Background: The uniform delivery of laser energy is particularly important for safe and effective laser hair removal (LHR) treatment. Although it is necessary to quantitatively assess the spatial distribution of the delivered laser, laser spots are difficult to trace owing to a lack of visual cues. This study proposes a novel preclinic tool to evaluate operator proficiency in LHR treatment and applies this tool to train novice operators and compare two different treatment techniques (sliding versus spot-by-spot).Methods: A simulation bed is constructed to visualize the irradiated laser spots. Six novice operators are recruited to perform four sessions of simulation while changing the treatment techniques and the presence of feedback (sliding without feedback, sliding with feedback, spot-by-spot without feedback, and spot-by-spot with feedback). Laser distribution maps (LDMs) are reconstructed through a series of images processed from the recorded video for each simulation session. Then, an experienced dermatologist classifies the collected LDMs into three different performance groups, which are quantitatively analyzed in terms of four performance indices.Results: The performance groups are characterized by using a combination of four proposed indices. The best-performing group exhibited the lowest amount of randomness in laser delivery and accurate estimation of mean spot distances. The training was only effective in the sliding treatment technique. After the training, omission errors decreased by 6.32% and better estimation of the mean spot distance of the actual size of the laser-emitting window was achieved. Gels required operators to be trained when the spot-by-spot technique was used, and imposed difficulties in maintaining regular laser delivery when the sliding technique was used.Conclusions: Because the proposed system is simple and highly affordable, it is expected to benefit many operators in clinics to train and maintain skilled performance in LHR treatment, which will eventually lead to accomplishing a uniform laser delivery for safe and effective LHR treatment. © 2014 Noh et al.; licensee BioMed Central Ltd.


Park S.,Seoul National University | Lim H.-W.,Seoul National University | Cho M.,Seoul National University | Lee D.-H.,Seoul National University | And 4 more authors.
Photomedicine and Laser Surgery | Year: 2016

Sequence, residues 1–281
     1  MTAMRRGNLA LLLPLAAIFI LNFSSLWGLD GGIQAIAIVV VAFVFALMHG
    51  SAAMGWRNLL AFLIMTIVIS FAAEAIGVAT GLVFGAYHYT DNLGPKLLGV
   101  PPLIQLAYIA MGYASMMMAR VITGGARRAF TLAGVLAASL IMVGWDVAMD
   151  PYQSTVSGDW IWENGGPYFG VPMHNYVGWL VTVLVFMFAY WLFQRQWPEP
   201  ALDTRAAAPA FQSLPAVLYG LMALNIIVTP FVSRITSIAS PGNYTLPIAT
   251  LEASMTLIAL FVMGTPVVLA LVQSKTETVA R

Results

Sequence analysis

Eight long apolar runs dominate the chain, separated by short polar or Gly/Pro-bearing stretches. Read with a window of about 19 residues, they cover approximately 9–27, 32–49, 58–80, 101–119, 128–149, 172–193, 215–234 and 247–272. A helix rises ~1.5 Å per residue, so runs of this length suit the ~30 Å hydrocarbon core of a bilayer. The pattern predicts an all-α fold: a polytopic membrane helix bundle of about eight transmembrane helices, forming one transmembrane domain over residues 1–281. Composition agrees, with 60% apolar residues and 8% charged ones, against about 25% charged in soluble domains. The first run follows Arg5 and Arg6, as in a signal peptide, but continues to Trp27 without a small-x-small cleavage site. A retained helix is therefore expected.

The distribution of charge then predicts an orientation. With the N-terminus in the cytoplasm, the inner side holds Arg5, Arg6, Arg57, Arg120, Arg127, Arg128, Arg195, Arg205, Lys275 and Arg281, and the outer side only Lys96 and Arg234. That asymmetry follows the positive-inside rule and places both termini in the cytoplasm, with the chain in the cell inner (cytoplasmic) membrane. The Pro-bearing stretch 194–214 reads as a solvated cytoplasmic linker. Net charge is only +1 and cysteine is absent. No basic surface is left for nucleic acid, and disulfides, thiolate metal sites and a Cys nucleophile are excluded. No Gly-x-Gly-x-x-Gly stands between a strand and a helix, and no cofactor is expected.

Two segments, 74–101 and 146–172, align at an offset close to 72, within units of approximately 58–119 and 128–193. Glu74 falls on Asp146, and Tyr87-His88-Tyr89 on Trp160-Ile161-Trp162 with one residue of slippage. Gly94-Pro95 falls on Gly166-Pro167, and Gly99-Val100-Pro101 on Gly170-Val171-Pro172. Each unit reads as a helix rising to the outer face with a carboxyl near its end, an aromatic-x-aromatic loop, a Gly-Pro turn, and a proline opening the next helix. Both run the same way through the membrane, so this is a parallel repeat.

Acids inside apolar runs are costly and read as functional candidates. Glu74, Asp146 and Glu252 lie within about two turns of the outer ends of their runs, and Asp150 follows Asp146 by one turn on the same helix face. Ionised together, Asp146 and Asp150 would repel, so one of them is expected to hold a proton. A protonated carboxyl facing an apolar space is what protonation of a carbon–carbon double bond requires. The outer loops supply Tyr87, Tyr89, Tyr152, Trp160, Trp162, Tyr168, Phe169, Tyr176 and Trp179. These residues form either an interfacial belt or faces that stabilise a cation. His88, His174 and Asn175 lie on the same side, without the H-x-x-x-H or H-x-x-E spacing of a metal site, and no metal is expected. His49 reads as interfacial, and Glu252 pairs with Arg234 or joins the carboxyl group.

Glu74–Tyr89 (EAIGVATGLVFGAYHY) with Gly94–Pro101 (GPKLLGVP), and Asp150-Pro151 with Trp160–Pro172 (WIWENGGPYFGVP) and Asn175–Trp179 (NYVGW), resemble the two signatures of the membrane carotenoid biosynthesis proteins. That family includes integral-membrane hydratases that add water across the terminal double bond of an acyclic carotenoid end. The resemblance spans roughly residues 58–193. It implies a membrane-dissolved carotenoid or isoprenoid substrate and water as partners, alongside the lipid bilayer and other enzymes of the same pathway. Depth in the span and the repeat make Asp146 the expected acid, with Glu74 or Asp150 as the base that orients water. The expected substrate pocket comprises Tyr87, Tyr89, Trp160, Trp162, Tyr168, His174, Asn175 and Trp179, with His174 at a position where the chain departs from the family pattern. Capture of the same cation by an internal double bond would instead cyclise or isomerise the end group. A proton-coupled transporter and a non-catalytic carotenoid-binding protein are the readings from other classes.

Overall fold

Objective: This study aims to improve the performance of an automatic laser hair removal (LHR) system by applying an algorithm that considers the curve and slant of the skin surface. Background data: In an earlier research, a robot-Assisted LHR system has been developed and validated for an almost flat skin or a relatively smooth curved part of the skin. For practical clinical applications, the feature of the robot-Assisted LHR system is extended for real curved skins. Methods: A novel pose-measurement algorithm is developed and applied to the LHR system. This system detects a six-degree of freedom (DOF) pose of the skin surface using the pose-measurement algorithm. The main principle of this algorithm is finding the equation of a plane using three noncollinear points, which are obtained by sequential movement of a one dimensional laser sensor. Results: Evaluation of the proposed system was conducted. During the test, we demonstrated that the LHR device automatically and completely contacted the targets along the curved surface. The contact-Accuracy test produced satisfactory outcome. The averages of the root mean square (RMS) of the position error and the RMS of the rotation were 1.4437 mm and 1.0982 degrees, respectively. The curvature measurement test produced a satisfactory average result of 0.0006 mm RMS error. Conclusions: Using the proposed six-DOF pose-measurement algorithm, the performance of the robot-Assisted LHR system could be significantly improved from the clinical point of view because most real skins have curved shapes. © Copyright 2016, Mary Ann Liebert, Inc. 2016.